If your disability claim for arthritis is denied on your first attempt, do not give up. Most disability claims – 70 percent of them – are rejected during the initial review. You will need to file an appeal and gather additional information to improve the likelihood of your claim being approved, so you can be awarded disability benefits. The claims process can be challenging and ensuring you have supporting documentation that includes hard medical evidence is essential to a successful disability claim for arthritis.
How To Appeal The Decision
If your disability claim for arthritis is denied during the initial review, you will want to go over the denial letter. The letter will explain why you were denied benefits, and it will give you an idea of the additional evidence and documentation that you will need to provide to have your claim approved. It will tell you how long you have so you can file an appeal, which is also called a request for reconsideration. This is the second stage of the application process.
Review the listing for arthritis in the Blue Book and make sure you have the supporting documentation and medical evidence that will enable your claim to meet the criteria of the listing to have your claim approved. If you enlist the help of a disability attorney, you are much more likely to have your disability claim approved.
The Blue Book Criteria
The Blue Book is the medical guide used by the SSA to determine if you qualify for disability benefits for arthritis. To have a claim approved for arthritis, you must have pain and swelling, and you must have painful or limited movement of your joints. You must provide medical evidence that supports your claim, such as x-rays, MRIs and CT scans, lab results, exam notes, and supporting statements from your physician.
Consider An RFC
If you are unable to work because of arthritis, but you cannot meet the criteria of the listing, you may be able to qualify using a residual functional capacity (RFC) in conjunction with a medical vocational allowance. The RFC is completed by your treating physician, such as your rheumatologist, and details your limitations and restrictions, painting a clear picture of what you can and cannot do.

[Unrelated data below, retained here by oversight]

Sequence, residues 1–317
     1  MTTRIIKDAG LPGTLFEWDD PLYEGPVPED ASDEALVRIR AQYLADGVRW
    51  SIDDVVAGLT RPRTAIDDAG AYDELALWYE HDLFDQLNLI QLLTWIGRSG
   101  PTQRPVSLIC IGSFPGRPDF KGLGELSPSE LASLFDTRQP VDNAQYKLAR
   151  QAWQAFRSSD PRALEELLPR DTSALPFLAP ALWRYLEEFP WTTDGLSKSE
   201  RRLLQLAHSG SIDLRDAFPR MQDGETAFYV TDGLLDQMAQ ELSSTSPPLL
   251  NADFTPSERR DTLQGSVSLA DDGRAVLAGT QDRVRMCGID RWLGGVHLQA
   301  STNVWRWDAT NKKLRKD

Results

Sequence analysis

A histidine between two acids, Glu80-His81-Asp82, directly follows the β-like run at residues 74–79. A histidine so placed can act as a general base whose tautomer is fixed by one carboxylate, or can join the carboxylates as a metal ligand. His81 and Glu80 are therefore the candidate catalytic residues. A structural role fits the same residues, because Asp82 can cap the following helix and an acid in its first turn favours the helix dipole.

Using a medical vocational allowance, the disability examiner will review the RFC and take your medical conditions, your age, your work history, your transferrable skills, and your educational background all into consideration to determine what you can and cannot do.
Don’t Try It Alone
When you are applying for disability benefits for arthritis, you should make sure you are using all the resources that are available to you. You should do everything that your doctor says. You should also make sure you have all your medical records in order so they can be reviewed. Make sure you have everything filled out in detail, and review everything to make sure it is all accurate.
You should enlist the help of a Social Security Disability lawyer. Your chances of a successful claim increase when you have legal representation. Complete the Free Case Evaluation Form on this page to share details with an attorney who handles disability claims.